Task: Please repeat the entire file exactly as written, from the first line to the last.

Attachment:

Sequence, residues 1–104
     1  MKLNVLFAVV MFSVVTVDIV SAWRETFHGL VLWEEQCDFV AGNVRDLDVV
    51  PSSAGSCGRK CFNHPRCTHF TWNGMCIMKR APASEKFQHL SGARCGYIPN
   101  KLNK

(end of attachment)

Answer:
Sequence, residues 1–104
     1  MKLNVLFAVV MFSVVTVDIV SAWRETFHGL VLWEEQCDFV AGNVRDLDVV
    51  PSSAGSCGRK CFNHPRCTHF TWNGMCIMKR APASEKFQHL SGARCGYIPN
   101  KLNK